As researchers reveal additional Ras and Rho regulatory mechanisms, methods to measure activated levels of these proteins take on increasing importance.  To aid researchers with identifying and characterizing cancer therapeutics, Cytoskeleton, Inc. offers many small G-protein tools such as pull-down and G-LISA® activation assays which are widely used to measure the activated levels of small G-proteins.  Pull-down methods measure activated protein levels utilizing a domain of an effector protein coupled to agarose beads and the activated level of the protein is measured by Western blot.   G-LISA activation assays are faster and more sensitive than traditional pull-down techniques.  G-LISAs require much less cell material and provide numerical data which allow easy comparison between samples.  Small G-protein antibodies, activators, and inhibitors are also available to help elucidate Rho and Ras activation pathways. 

 

Rho and Ras Research Tools

 

   Protein Source     Purity     Cat. #      Amount
 

H-Ras His Protein, wild-type


  >80%  

RS01-A
RS01-B

 

1 x 100 µg
3 x 100 µg

 

RhoA His Protein, wild-type


  >80%  

RH01-A
RH01-C

 

1 x 100 µg
3 x 100 µg

 

RhoC  His Protein, wild-type


  >90%  

RH03-A
RH03-C

 

1 x 100 µg
3 x 100 µg

  Rhotekin-RBD Protein


>90%
RT01-A
RT01-B

1 x 500 µg
3 x 500 µg
  Rhotekin-RBD Beads
 

>85%

 

RT02-A
RT02-B

 

2 x 2 mg
6 x 2 mg

 

Raf-RBD Beads

    >85%   RF02-A
RF02-B
  1 x 2 mg
4 x 2 mg
                 
  Kit         Cat. #   Amount
 

Ras G-LISA® Activation Assay, colorimetric

BK131   96 assays
 

RhoA G-LISA® Activation Assay, colorimetric    

BK124   96 assays
 

RhoA G-LISA® Activation Assay, luminescence

BK121   96 assays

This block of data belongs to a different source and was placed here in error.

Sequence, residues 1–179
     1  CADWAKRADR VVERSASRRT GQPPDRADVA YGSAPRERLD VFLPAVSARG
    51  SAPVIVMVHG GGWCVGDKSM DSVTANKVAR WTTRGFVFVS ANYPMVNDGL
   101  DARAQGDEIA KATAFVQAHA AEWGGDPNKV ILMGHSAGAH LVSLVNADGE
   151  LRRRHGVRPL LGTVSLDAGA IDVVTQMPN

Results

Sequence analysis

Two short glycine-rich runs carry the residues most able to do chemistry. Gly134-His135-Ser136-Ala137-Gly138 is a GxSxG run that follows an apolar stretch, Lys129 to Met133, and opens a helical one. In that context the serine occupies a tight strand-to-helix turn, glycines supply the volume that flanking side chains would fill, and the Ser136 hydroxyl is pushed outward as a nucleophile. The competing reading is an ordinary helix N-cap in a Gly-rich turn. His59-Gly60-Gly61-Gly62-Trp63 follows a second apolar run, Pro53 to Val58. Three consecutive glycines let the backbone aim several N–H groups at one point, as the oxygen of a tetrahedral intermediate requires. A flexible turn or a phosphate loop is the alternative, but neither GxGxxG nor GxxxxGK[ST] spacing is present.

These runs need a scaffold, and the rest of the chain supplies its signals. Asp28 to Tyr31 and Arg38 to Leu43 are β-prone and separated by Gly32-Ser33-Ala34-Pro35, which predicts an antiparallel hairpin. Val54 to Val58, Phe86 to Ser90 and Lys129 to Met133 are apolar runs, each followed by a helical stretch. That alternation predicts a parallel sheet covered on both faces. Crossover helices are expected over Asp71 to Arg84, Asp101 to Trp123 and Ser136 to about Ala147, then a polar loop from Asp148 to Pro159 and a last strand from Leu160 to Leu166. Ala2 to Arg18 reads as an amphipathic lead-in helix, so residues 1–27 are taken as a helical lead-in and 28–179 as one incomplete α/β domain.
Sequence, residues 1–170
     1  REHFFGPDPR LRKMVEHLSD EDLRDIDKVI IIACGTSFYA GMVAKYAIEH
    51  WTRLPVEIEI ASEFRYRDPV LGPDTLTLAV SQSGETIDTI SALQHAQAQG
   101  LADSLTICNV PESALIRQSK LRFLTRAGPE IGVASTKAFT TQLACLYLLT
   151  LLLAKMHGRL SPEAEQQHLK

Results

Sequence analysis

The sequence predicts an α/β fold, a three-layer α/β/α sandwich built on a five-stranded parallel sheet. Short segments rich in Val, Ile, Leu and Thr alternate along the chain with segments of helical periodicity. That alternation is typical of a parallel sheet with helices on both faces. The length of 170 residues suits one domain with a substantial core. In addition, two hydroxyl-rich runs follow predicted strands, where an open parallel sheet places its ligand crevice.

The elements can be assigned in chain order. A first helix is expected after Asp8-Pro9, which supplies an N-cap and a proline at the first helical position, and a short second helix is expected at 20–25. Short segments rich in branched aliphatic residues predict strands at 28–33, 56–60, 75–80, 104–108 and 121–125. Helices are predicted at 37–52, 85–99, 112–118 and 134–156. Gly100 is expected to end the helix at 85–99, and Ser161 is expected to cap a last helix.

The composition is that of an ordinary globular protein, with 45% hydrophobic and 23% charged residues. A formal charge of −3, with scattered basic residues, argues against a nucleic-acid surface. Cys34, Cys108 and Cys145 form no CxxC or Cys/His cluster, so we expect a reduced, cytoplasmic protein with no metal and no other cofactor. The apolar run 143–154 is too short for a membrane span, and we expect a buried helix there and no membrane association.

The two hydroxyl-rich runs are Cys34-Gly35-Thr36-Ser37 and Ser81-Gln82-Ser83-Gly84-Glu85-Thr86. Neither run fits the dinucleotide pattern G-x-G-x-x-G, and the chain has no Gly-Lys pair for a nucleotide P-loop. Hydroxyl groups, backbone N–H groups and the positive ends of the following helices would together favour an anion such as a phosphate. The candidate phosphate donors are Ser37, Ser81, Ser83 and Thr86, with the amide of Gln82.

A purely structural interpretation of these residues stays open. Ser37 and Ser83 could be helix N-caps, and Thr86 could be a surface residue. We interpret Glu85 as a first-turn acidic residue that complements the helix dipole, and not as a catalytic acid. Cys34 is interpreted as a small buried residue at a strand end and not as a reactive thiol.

Total RhoA ELISA

BK150   96 assays
 

RhoGAP Assay Biochem Kit™

BK105   80-160 assays
 

RhoGEF Exchange Assay Biochem Kit™

BK100   60-300 assays
         
  G-protein Modulator Cat. #   Amount
 

Rho Activator II, Cell Permeable

CN03-A
CN03-B 
  3 x 20 µg
9 x 20 µg 
 

Rho Inhibitor I, Cell Permeable

CT04-A
CT04-B
  1 x 20 µg
5 x 20 µg

 

References

  1. Castellano E. and Santos E. 2011. Functional specificity of Ras isoforms: So similar but so different. Genes Cancer. 2: 216-231.
  2. Ridley A.J. 2013. RhoA, RhoB and RhoC have different roles in cancer cell migration. J. Microsc. doi: 10.1111/jmi.12025.
  3. Schubbert S., et al. 2007. Hyperactive Ras in developmental disorders and cancer. Nat. Rev. Cancer. 7: 295-308.
  4. Bos J.L. 1989. ras oncogenes in human cancer: A review. Cancer Res. 49: 4682-4689.
  5. Zimmermann G., et al. 2013. Small molecule inhibition of the KRAS-PDEδ interaction impairs oncogenic KRAS signalling. Nature. 497: 638-642.
  6. Philips M.R. 2012. Ras hitchhikes on PDE6δ. Nat. Cell Biol. 14: 128-129.
  7. Chandra A., et al. 2012. The GDI-like solubilizing factor PDEδ sustains the spatial organization and signalling of Ras family proteins. Nat. Cell Biol. 14: 148-158.
  8. Iwig J.S. and Kuriyan J. 2013. Fixing a hole where the Ras gets in. Cell. 153: 1191-1193.
  9. Hanzal-Bayer M., et al. 2002. The complex of Arl2-GTP and PDEδ: From structure to function. EMBO J. 21: 2095-2106.
  10. Nancy V., et al. 2002. The delta subunit of retinal rod cGMP phosphodiesterase regulates the membrane association of Ras and Rap GTPases. J. Biol. Chem. 277: 15076–15084.
  11. Zhang H., et al. 2007. Deletion of PrBP/δ impedes transport of GRK1 and PDE6 catalytic subunits to photoreceptor outer segments. Proc. Natl. Acad. Sci. U.S.A. 104: 8857-8862.
  12. Hakem A., et al. 2005. RhoC is dispensable for embryogenesis and tumor initiation but essential for metastasis. Genes Dev. 19: 1974-1979.
  13. Huang M. and Prendergast G.C. 2006. RhoB in cancer suppression. Histol. Histopathol. 21: 213-218.
  14. Roberts P.J., et al. 2008. Rho Family GTPase modification and dependence on CAAX motif-signaled posttranslational modification. J. Biol. Chem. 283: 25150-25163.